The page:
Step into the Museum of Early Trades & Crafts, and it's as if the Industrial Revolution never happened. The museum focuses on the life of farmers, builders, and other tradesman of the United State's pre-industrial age. The main floor thrusts visitors into the world of New Jersey farming families from the early 1800s to provide in-depth information about these peoples' lives as well as showcase woodworkers' planks and various hand tools. The lower level, meanwhile, celebrates the working lives of four tradesman from 1850, including a shoemaker and a distiller. While these permanent displays stand as time capsules of a bygone area, a special exhibit space rotates its features regularly. Only a small portion of the museum's artifacts is on display at a time, but visitors can make an appointment to see items from the full collection, which totals more than 8800 artifacts from 21 different trades.
Even without the artifacts, the museum stands as a piece of history, as it's housed within The James Library Building. The building was finished in 1900 and contains stained glass windows, carved stone and wood detailing, and vaulted ceilings that make it the perfect setting to imagine life before Henry Ford invented his flying car.
The constant tug-of-war between education and fun finds middle ground inside this Central Jersey children’s museum, as entertaining exhibits and engaging staff members embed knowledge in each young visitor. Young guests can play veterinarian at the Pet Vet Center, read the news and see themselves on television at the TV News Room, or shed light on the complexities of the human body inside a replica doctor’s office outfitted with realistic equipment.
A motorcycle, retired fire engine, and a grounded airplane shows visitors the wonders of mechanized travel in the Varoom!!! Vehicle Showroom, which leads to an enchanted castle outfitted with a wooden drawbridge, a faux moat, and a new level 3 train exhibit. Party rooms manned by helpful staffers merge learning and celebration, and the onsite gift shop coaxes homebound brain building with a selection of scientific toys.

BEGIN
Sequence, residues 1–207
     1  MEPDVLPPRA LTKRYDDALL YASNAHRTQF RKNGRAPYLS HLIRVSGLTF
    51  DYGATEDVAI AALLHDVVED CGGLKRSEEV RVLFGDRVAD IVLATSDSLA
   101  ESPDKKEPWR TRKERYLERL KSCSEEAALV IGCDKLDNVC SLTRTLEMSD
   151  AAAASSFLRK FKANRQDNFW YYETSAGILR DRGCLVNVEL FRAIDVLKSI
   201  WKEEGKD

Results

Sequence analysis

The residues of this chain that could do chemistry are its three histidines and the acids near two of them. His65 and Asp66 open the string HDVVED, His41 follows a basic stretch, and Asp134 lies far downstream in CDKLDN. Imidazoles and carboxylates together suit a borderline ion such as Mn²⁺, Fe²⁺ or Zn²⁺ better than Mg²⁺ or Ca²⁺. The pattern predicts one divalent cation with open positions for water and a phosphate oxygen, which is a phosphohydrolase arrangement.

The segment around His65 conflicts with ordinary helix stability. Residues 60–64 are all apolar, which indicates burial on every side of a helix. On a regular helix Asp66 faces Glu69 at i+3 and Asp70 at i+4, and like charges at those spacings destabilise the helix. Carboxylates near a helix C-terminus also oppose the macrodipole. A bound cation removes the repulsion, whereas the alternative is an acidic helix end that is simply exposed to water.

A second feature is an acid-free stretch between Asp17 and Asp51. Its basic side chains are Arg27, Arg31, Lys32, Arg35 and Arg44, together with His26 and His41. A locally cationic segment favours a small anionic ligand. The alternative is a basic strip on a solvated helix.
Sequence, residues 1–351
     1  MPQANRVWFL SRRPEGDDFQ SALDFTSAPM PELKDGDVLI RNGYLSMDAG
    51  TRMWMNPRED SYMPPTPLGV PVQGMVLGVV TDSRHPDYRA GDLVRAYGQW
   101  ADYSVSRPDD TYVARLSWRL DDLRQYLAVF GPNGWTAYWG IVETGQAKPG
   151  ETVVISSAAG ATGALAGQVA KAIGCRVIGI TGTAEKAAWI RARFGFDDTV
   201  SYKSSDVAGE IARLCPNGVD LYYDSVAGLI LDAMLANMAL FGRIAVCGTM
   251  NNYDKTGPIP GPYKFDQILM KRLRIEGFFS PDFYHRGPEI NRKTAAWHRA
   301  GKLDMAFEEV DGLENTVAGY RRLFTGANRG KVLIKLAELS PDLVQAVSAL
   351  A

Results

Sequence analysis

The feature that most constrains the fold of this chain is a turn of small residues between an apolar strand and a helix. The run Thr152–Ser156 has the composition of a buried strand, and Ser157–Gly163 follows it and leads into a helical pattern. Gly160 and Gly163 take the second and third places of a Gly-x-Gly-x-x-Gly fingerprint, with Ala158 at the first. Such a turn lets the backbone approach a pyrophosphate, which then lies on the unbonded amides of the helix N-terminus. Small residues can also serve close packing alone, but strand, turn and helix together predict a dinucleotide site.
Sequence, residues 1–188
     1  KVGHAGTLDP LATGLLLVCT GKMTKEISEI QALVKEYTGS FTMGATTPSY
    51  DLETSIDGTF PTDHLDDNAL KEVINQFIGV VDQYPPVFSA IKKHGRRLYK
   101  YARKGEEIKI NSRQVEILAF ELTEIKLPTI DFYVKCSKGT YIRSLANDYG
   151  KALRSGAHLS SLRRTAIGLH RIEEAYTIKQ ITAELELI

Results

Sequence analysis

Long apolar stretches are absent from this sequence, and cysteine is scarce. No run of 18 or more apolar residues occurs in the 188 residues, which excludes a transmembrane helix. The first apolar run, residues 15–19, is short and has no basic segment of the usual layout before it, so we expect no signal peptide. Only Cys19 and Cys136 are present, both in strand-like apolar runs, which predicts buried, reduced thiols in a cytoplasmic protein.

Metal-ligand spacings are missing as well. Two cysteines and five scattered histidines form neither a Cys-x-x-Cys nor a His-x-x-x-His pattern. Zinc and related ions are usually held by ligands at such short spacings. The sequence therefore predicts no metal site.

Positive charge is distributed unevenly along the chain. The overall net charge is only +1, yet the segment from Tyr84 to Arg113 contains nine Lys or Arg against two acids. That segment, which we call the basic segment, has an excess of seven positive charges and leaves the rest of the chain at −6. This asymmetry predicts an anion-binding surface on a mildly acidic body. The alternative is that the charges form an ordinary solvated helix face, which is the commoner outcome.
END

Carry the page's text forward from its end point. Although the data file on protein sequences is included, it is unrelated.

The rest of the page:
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CBL Fine Art upgrades abodes with custom artwork, décor, and sundries honed by the keen eye of founder Connie Lior. For more than a quarter-century, the boutique has supported artists while cultivating a wide selection of uncommon gifts, including the Lillo Studio glass heart box($35), which ably stores jewelry or sets of gold dentures. The shop also specializes in Judaica, from frosted glass Shabbat candlesticks etched with the phrase Shabbat Shalom ($30), to Kiddush cups in materials such as stainless steel, pewter, and glass ($38+). Shoppers can frame an engagement photo or cake-topper portrait within a 4"x6" wedding frame($25) and finally learn Roman numerals with a stained-glass table clock ($55). Accommodating staffers happily provide complimentary shopping counsel or gift-wrapping services, saving customers the inconvenience of wrapping presents in newspaper or old graduate dissertations.
The beastmasters of Turtle Back Zoo fill the troughs of their squawking menagerie with the help of donations through the Adopt-an-Animal program. A framable adoption certificate commemorates the adoption of Turtle Back Zoo's endangered African penguins⎯the noble butlers of the Southern Hemisphere⎯and the donation funds fish reserves, maintenance, and medical needs. Bird-benefactors also receive a photograph of the newest, most feathered member of their family and a bumper sticker with which to emblazon vehicles with a message championing the plight of penguin expatriates. Lodged near the entrance to the zoo, the Adopt-an-Animal Honor Roll Board proclaims the names of trans-species foster parents to visitors and those studious penguins who have learned to read.